These are my thoughts ahead of this evening’s votes on the Government’s Brexit deal.
Today marks another stage in the Brexit process and we can think of this as a chance for Parliament to express its will on the various options in front of us.
Throughout this, I have been mindful of my solemn duty to honour the result of the referendum result, a historic exercise in democracy that saw 62% of my constituents voting to leave the EU.
During my time as your MP I have consistently honoured that result and have supported Brexit legislation as it passes through the House of Commons. Yesterday, I voted to repeal Free Movement of labour, and was pleased to see the Immigration Bill pass through the House. This means delivering on the commitment in the referendum, to have our own sovereign immigration policy that is right for our country, ending uncontrolled immigration from the EU, and to take back control of our borders. This is something that I know many people in Redditch felt strongly about and was an important, though not the only reason, for their desire to leave the European Union.
In my regular engagements with hundreds of constituents in my constituency, every Friday and Saturday when I am back from Westminster, and through the thousands of pieces of correspondence I receive, I am clear that there is no significant change of opinion on either side of this debate. People who voted to remain largely still want to remain, and those who voted to leave still largely want to leave. So, to be faithful to our long-established tradition of democracy, we need to leave, the debate in front of us is how we leave.
In the 2017 general election manifesto which I stood on, and received over 52.3% of the vote, I was elected on a promise to leave the EU with a negotiated settlement to protect jobs, agriculture, security and citizens’ rights. This is why I have supported the Prime Minister’s deal that she negotiated. However, we know that there are a number of concerns over this particular agreement, most often centring on the Northern Ireland protocol, which is why it didn’t pass the Commons previously.
Today a number of groups of MPs have tabled various amendments relating to the main motion, and it is difficult to know at this stage what will command support. We still don’t know which amendments speaker Bercow will accept, he is a law unto himself at the moment.
However, I would like to be clear with my constituents that I stand firm in my commitment to deliver Brexit on the 29th of March 2019. For these reasons I do not support any amendments calling for a ‘People’s Vote’ or second referendum. I continue to believe that this would fail to solve anything and further inflame the damaging divisions surrounding this debate, many of which I have experienced on my social media channels recently.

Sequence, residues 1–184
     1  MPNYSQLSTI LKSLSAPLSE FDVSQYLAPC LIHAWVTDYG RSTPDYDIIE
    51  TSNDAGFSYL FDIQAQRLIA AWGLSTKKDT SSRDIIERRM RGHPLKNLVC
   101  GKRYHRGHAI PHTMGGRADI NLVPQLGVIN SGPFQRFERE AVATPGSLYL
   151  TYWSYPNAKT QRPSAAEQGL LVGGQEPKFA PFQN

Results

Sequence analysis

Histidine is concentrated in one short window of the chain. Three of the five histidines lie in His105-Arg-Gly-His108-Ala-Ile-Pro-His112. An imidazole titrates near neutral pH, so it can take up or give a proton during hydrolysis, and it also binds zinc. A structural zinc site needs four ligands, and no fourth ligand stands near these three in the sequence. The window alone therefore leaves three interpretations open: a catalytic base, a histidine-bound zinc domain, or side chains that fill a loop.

Further, I do not support any amendment calling to take no deal off the table. To me, with three decades of business experience, including negotiating many deals, you do not remove your bottom line negotiating position. I do not favour leaving without a deal as a primary option, rather, I would like to see us continue to work together to find a way to support the deal that is on the table, that respects the result of the referendum and delivers certainty to citizens and businesses. This is also the view of the vast majority of my constituents and the many small businesses and entrepreneurs that Redditch is famous for.
It is my hope that the ‘Brady amendment’ can today command support from MPs. This amendment seeks to remove the backstop and replace with alternative arrangements that preserve peace on the island of Ireland and do not break up our Union. My view, which I have expressed to Prime Minister directly in my meetings with her, is that with this expression of support in the House, she can go back to Brussels, re-open the legal text if necessary, to achieve a result that is right for the UK, and means we leave in a smooth and orderly way.
Of course, the EU are going to dig their heels in, but she must now remind them that they need a deal as much as we do, and if they don’t want us to leave without a deal, they must find a legal way through that satisfies our democratically elected MPs who are carrying out the democratically expressed wish of the British people. I remain optimistic that despite their rhetoric and bluster they will see we are determined to leave. This is also why we must leave the option to walk away without a deal on the table. Removing it would simply re-affirm their position that they aren’t budging from where they are now.
The Prime Minister has been clear with us that there will be another opportunity for us to vote on the deal in February. So, this is not the final vote on the process. We do need to think of Brexit as a process, not a single event. But the most important single event is getting out on March 29th. I will be supporting the ‘Brady amendment’ tonight in the hope that this can break the deadlock and find us an orderly exit, and allows us to proceed to the next stage of the process, negotiating our future trade deal, which is what the overwhelming majority of my Redditch constituents want.